From contributor D:
I would have suggested actually tallying the footage from different logs straight off your mill to determine you bdft return, but had assumed you didn't want to go through that tracking process. You apparently intend to compare your formula results to your actual sawmill production results. If you have the actual results from the mill - base your log volume calculations off the actual numbers and forget the initial formula - would be my suggestion, unless I'm missing something here.


From the original questioner:
No one should doubt the value of log scales in predicting the board content of logs, or of the underlying formulae which define these scales. My post was about refining a scale's formula to take into account the bandsaw's thinner kerf. Testing such a refined formula in different situations helps validate it or refine it better, and I enjoy such things when I'm waiting for customers to call. Not unlike tying flies in the winter. I'm interested in making available to the customer who asks for it, for each new job, my best prediction of board content of his logs, before I saw the wood for him.

From contributor D:
What you're attempting makes perfect sense. What I maybe didn't express correctly was that I thought that you could change the order of what youíre doing to get to your end result quicker. I was "hearing" that you wanted to:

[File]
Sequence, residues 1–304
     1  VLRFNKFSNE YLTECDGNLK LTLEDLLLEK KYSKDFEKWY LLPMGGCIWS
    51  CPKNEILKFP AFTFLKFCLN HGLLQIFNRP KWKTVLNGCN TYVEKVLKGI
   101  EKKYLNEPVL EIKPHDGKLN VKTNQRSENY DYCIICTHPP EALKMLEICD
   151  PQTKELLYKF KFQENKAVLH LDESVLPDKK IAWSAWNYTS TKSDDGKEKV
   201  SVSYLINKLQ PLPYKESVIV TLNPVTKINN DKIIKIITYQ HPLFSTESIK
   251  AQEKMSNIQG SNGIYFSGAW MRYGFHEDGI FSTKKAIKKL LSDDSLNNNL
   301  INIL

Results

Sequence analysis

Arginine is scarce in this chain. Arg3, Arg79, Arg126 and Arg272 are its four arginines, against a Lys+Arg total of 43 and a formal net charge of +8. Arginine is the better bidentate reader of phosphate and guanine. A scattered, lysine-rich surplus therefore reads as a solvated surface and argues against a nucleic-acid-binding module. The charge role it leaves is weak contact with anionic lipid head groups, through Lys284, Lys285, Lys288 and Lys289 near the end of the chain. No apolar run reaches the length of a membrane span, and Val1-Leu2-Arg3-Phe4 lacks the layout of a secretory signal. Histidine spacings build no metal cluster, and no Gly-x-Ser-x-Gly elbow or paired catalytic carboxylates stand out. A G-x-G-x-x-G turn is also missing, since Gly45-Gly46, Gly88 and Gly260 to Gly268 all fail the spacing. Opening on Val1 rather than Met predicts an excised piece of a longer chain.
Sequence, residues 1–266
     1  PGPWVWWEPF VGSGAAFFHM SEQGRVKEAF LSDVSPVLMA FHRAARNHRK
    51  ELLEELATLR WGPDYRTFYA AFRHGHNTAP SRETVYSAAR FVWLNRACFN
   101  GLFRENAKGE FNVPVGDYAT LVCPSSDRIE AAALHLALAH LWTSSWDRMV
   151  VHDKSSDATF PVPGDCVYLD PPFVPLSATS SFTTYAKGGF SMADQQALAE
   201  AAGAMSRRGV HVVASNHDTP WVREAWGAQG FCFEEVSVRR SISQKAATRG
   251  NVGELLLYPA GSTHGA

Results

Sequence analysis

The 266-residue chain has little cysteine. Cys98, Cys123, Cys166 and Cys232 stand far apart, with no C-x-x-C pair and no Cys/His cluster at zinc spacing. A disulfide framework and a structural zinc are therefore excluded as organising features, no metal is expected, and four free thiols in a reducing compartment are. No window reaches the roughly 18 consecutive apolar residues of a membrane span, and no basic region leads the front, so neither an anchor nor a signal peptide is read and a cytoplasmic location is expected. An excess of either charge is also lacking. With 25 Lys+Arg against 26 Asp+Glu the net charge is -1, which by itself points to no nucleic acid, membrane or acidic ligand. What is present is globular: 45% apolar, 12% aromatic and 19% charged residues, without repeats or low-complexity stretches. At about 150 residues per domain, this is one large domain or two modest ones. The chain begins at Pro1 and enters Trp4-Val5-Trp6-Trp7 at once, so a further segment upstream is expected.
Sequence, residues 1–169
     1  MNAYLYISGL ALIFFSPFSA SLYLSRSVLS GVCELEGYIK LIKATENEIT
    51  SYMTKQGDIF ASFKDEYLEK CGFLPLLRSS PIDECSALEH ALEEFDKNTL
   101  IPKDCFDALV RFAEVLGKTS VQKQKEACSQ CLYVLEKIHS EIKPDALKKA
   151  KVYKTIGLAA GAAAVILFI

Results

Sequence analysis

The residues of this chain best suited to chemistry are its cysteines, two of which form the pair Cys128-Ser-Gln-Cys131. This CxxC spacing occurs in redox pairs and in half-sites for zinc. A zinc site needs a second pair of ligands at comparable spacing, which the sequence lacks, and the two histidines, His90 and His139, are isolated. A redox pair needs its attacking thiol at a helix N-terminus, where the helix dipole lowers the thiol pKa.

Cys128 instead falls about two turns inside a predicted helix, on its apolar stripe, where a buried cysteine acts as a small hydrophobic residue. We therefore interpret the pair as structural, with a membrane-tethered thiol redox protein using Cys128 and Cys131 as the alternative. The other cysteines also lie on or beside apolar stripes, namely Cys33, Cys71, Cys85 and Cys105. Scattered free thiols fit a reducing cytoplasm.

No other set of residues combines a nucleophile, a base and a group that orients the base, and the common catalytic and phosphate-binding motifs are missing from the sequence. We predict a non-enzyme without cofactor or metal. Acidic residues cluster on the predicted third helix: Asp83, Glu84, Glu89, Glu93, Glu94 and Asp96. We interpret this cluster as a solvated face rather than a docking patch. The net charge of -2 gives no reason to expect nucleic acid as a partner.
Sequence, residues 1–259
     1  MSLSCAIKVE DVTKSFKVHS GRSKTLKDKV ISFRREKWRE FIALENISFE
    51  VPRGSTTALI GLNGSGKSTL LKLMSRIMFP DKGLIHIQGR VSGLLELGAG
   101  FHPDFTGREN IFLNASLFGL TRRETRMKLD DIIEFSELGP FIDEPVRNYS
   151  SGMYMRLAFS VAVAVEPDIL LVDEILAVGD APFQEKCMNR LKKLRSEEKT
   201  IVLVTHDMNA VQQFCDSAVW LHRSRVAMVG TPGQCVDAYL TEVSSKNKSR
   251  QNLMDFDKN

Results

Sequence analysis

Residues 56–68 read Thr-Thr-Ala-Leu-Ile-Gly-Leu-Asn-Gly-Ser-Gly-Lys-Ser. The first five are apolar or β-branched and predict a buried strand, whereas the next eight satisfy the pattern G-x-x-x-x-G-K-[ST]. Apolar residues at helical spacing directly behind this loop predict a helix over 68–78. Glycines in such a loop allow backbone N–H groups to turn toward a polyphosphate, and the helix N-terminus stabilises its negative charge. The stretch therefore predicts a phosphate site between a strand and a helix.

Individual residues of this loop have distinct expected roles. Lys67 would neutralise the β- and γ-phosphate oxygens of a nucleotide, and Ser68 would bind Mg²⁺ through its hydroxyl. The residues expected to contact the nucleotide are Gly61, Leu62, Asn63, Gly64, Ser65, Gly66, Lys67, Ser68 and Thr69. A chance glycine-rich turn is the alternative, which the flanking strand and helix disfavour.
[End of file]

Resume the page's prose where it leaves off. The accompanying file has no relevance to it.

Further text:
1. Take an accepted scale.

2. Modify it.

3. Test that against your actual sawmill return.

It all works in the end. I've been using the 1/4" scale, and have been tracking my production to determine how much over run I can expect from different logs. I too am doing this, partly, to better estimate how much I saw for customers.



From contributor A:
He would need a reference to start with. So by starting with the known scale he would have a target to shoot for. If he just started sawing he would have to do many loads to get a good medium to work with.


From Gene Wengert, forum technical advisor:
To maximize the board footage recovered, cut as many thick pieces (8/4 vs. 4/4, for example) as possible, maybe even a 6" cant. Also, open the log with a 4-1/2" wide opening face on the poorer faces and 6-1/2" on the better faces. Further, make sure that your lumber thicknesses are the best possible. For most hardwood sawing, this means 1-1/6" green (1.0625"). Make sure that your customer will find this size ok. For each 1/32" you save in thickness, you will have the customer get almost 3% more yield. Similarly, each 1/32" saved in kerf will save nearly 3% in yield.

To maximize the footage of the higher grade lumber, without losing overall yield, cut any good faces parallel to the bark. Take out the taper in the low grade. Also, turn the log to the next face when the faces adjacent to what you are now sawing promises higher grade. When selecting the faces, try and maximize the clear area in the faces and also put knots of the edges and not the center of a face. Finally, after opening the log, when it is time to go to the second face, turn the log 180 degrees, not 90 or 270. Following these suggestions will increase value by over 20% in many cases and increase yield by 2 to 5%.